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In-Work Benefits for Married Couples: An Ex-Ante Evaluation of EITC and WTC Policies in Italy

This paper investigates labor supply and redistributive effects of in-work benefits for Italian married couples using a tax-benefit microsimulation model and a multi-sectoral discrete choice model of labor supply. We consider two in-work benefit schemes following the key principles of the Earned Income Tax Credit (EITC) and the Working Tax Credit (WTC) existing in the US and the UK, respectively. The standard design of these in-work benefits is however augmented with a new benefit premium for two-earner households in order to overcome the well-know disincentive effects that these welfare instruments may generate on secondary earners. In simulation, the proposed in-work benefits are financed through the abolition of Italian family allowances for dependent employees and contingent workers thus ensuring tax revenue neutrality. We show that our EITC and WTC reforms have strong positive effects on labor supply of wives, weak negative effects on labor supply of husbands, and strong positive effects on equity. The EITC is more effective than the WTC in boosting employment of wives, while the WTC is more effective than the EITC in fighting poverty. In both schemes, the trade-off between labor supply incentives and redistributive effects is crucially related to the new benefit premium for two-earner households. Other things being equal, tax revenue neutrality implies that a higher value of this policy coefficient yields stronger incentive effects and weaker redistributive effects.

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Paper provided by Tor Vergata University, CEIS in its series CEIS Research Paper with number 244.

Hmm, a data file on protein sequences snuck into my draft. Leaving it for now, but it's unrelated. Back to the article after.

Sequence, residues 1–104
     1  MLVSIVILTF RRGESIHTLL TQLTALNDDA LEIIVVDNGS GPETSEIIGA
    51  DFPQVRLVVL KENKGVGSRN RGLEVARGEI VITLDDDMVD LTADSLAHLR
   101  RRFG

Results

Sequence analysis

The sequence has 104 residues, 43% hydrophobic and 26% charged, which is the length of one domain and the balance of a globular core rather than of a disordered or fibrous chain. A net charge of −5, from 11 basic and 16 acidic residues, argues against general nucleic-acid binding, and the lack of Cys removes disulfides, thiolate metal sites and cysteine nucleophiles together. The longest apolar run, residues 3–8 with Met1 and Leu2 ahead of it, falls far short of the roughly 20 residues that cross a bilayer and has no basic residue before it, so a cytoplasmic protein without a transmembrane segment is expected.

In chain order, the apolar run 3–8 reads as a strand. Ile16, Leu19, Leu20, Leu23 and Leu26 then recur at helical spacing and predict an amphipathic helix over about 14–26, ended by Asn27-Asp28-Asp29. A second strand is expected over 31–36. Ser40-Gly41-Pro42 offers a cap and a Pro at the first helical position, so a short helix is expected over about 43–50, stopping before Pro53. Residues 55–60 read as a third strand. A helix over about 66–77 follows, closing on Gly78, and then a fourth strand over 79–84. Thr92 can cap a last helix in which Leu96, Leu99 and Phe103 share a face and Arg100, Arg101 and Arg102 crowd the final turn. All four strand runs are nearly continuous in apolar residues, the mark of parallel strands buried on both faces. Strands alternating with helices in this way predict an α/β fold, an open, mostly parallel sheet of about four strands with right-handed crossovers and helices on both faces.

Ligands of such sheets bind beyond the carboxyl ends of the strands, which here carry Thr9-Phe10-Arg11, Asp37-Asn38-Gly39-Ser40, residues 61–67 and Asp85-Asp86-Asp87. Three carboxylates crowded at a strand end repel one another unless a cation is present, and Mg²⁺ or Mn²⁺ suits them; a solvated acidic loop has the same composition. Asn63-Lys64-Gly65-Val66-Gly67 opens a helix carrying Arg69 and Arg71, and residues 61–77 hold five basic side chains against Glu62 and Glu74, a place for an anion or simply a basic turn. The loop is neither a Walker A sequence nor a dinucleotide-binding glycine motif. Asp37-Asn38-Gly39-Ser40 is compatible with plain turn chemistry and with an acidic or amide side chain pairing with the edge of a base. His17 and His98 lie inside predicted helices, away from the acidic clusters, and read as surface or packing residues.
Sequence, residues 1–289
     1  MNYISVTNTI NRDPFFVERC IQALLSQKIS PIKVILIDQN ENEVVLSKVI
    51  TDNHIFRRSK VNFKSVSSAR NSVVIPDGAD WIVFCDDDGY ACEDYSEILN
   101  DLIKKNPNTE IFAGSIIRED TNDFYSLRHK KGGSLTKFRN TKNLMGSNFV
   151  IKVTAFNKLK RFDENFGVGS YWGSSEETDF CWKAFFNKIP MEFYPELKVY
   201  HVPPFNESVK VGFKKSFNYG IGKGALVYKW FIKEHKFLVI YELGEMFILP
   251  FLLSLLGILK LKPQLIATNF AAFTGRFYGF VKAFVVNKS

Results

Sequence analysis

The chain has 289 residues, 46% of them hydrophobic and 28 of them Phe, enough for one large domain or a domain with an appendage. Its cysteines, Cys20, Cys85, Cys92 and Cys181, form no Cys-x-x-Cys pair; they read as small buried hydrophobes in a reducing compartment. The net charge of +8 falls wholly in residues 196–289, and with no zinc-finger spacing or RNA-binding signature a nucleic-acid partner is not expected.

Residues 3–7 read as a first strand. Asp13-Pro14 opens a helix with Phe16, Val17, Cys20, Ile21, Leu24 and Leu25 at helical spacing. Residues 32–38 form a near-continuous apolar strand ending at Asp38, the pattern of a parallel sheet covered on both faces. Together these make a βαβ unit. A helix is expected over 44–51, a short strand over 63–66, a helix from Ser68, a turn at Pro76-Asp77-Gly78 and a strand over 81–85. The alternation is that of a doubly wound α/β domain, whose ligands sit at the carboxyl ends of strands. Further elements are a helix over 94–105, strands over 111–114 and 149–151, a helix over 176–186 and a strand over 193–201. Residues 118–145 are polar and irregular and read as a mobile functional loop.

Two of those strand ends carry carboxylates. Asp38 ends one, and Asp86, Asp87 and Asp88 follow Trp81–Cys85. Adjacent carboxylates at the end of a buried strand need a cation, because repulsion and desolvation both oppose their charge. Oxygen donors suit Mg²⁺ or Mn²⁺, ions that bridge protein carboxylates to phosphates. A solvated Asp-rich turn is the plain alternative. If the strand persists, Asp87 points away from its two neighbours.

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Length: 42 pages
Date of creation: 23 Jul 2012
Date of revision: 23 Jul 2012
Handle: RePEc:rtv:ceisrp:244
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  1. Fabrizio Colonna & Stefania Marcassa, 2011. "Taxation and Labor Force Participation: The Case of Italy," Working Papers 2011-021, Human Capital and Economic Opportunity Working Group.
  2. John K. Dagsvik & Steinar Strøm, 2004. "Sectoral Labor Supply, Choice Restrictions and Functional Form," Discussion Papers 388, Statistics Norway, Research Department.
  3. van Soest, A.H.O. & Das, J.W.M. & Gong, X., 2001. "A Structural Labour Supply Model with Flexible Preferences," Other publications TiSEM 07a46b83-f128-4ea5-8498-9, Tilburg University, School of Economics and Management.
  4. Emilia Del Bono & Massimiliano Bratti & Daniela Vuri, 2004. "New mothers’ labour force participation in Italy: the role of job characteristics," CHILD Working Papers wp05_04, CHILD - Centre for Household, Income, Labour and Demographic economics - ITALY.
  5. Brewer, Mike & Duncan, Alan & Shephard, Andrew & Suarez, Maria Jose, 2006. "Did working families' tax credit work? The impact of in-work support on labour supply in Great Britain," Labour Economics, Elsevier, vol. 13(6), pages 699-720, December.
  6. Herwig Immervoll & Mark Pearson, 2009. "A Good Time for Making Work Pay? Taking Stock of In-Work Benefits and Related Measures across the OECD," OECD Social, Employment and Migration Working Papers 81, OECD Publishing.
  7. Robert Breunig & Deborah A. Cobb-Clark & Xiaodong Gong, 2008. "Improving the Modelling of Couples' Labour Supply," The Economic Record, The Economic Society of Australia, vol. 84(267), pages 466-485, December.
  8. Frederic Vermeulen, 2006. "A collective model for female labour supply with non-participation and taxation," Journal of Population Economics, Springer, vol. 19(1), pages 99-118, February.
  9. Aaberge, Rolf & Colombino, Ugo & Strom, Steinar, 1999. "Labour Supply in Italy: An Empirical Analysis of Joint Household Decisions, with Taxes and Quantity Constraints," Journal of Applied Econometrics, John Wiley & Sons, Ltd., vol. 14(4), pages 403-22, July-Aug..
  10. Creedy, John & Duncan, Alan, 2002. " Behavioural Microsimulation with Labour Supply Responses," Journal of Economic Surveys, Wiley Blackwell, vol. 16(1), pages 1-39, February.